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Senate Votes 52-47 To Restore Net Neutrality Rules Share This on LinkedIn   Share This on Google   Tweet This   Forward This

16 May 2018

The U.S. Senate today voted to repeal the Federal Communication Commission's Restoring Internet Freedom order enacted last December. The 52-47 vote included all 47 Democratic Senators, two independents, and three Republicans. Republicans Susan Collins of Maine, Lisa Murkowski of Alaska) and John Kennedy of Louisiana voted for repeal. John McCain of Arizona was absent.

The Senate Democrats used the Congressional Review Act, which gives Congress 60 days to review regulations passed by a federal agency, to call for the vote to halt net neutrality's repeal.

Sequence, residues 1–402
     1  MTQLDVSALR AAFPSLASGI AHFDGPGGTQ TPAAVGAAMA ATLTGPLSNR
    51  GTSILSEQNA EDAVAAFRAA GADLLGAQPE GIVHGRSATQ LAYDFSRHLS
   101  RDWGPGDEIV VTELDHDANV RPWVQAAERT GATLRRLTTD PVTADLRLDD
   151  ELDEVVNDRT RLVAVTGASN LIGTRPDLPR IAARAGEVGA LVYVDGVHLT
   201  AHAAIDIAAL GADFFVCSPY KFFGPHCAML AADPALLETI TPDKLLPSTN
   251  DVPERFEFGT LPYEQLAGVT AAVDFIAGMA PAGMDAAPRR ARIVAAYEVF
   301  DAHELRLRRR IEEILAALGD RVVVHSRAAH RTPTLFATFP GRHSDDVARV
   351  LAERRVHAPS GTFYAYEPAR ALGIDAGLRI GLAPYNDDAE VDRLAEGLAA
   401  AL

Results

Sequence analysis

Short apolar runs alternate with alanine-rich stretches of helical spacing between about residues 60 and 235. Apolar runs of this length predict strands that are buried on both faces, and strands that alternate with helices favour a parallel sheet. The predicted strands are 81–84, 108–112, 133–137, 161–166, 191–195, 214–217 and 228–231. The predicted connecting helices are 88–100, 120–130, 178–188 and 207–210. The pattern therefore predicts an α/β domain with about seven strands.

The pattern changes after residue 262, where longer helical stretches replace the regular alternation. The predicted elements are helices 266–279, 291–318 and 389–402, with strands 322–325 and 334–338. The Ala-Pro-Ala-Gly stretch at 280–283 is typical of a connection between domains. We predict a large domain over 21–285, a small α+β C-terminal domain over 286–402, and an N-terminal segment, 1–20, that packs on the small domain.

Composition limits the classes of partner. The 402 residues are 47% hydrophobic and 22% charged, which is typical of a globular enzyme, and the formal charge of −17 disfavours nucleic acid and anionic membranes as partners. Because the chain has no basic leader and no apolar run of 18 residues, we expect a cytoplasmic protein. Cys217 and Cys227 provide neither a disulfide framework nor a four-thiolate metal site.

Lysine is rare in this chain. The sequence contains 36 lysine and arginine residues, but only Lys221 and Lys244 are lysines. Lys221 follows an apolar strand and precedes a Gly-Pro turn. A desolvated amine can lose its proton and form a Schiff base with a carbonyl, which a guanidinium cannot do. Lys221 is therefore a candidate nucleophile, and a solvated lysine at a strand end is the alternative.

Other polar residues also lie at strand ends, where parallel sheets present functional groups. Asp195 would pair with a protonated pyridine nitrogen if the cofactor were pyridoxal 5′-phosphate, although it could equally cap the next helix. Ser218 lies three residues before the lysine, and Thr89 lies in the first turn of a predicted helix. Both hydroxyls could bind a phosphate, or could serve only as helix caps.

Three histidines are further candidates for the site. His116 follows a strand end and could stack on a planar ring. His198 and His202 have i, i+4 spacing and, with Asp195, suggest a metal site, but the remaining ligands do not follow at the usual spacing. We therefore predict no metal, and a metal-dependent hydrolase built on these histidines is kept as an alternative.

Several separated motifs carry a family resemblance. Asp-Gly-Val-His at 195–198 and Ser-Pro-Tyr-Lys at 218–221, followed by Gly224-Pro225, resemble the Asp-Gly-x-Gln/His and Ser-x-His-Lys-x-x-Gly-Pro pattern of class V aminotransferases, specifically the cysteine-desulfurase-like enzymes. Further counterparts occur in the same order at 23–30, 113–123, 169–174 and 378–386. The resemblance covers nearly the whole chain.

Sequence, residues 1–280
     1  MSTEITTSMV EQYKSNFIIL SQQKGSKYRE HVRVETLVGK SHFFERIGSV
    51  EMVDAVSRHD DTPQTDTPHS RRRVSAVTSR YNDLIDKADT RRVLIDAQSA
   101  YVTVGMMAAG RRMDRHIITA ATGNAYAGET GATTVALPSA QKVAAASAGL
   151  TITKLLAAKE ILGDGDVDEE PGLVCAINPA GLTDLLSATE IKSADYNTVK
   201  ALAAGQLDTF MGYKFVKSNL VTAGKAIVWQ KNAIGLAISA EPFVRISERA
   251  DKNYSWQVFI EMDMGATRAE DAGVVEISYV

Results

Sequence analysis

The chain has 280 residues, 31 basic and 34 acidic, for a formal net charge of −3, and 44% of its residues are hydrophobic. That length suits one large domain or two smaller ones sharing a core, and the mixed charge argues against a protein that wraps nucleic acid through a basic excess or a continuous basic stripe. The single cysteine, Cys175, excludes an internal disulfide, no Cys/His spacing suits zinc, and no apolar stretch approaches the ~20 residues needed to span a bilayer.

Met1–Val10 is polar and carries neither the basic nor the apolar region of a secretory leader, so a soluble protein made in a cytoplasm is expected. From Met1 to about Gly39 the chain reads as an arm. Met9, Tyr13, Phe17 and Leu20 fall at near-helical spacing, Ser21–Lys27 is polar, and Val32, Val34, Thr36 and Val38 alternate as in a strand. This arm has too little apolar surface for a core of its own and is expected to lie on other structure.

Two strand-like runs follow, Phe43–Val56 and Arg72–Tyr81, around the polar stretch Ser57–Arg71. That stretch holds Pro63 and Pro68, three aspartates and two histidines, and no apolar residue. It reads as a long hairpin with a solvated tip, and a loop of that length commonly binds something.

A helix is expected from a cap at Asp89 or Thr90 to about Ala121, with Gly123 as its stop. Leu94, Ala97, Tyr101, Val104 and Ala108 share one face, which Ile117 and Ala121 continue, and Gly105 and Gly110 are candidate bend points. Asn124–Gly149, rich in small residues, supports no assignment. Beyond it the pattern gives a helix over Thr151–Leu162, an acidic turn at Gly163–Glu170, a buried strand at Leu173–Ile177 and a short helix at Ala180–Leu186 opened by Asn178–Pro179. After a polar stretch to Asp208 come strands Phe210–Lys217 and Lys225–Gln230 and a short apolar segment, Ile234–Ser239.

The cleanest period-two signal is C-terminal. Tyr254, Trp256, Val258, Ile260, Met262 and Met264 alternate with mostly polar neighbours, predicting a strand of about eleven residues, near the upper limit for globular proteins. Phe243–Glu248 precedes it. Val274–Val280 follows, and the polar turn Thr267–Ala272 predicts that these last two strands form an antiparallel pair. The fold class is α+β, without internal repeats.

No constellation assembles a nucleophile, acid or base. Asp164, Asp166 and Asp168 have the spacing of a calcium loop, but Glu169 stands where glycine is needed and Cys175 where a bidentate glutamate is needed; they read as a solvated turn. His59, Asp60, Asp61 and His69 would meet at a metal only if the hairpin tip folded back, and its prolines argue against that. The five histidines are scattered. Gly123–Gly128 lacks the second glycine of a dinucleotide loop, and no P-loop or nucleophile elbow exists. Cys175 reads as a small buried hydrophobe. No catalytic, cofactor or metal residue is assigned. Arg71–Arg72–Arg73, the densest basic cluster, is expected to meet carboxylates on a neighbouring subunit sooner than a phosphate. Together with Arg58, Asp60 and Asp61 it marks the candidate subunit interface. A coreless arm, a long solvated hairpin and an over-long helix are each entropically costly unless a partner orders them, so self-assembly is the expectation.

The repeal now moves to the House of Representatives. If passed, it would require the president's signature.

"I think it's increasingly clear that there's not an issue you can find that polls this decisively in one direction," said Sen. Brian Schatz (D., Hawaii).

The Restoring Internet Freedom order would allow Internet service providers to block and throttle traffic, with tiered pricing for access resembling cable TV options. Repeal would restore the fair play Internet users have come to take for granted with equal access to all sites.

A number of ISPs have said publicly they would not create tiered service plans regardless of the order., which hosts this site, is among them.

FCC chairman Ajit Pai ignored overwhelming public comment against the proposal when he enacted the order last December.

Net neutrality rules are scheduled to end in the U.S. on June 11.

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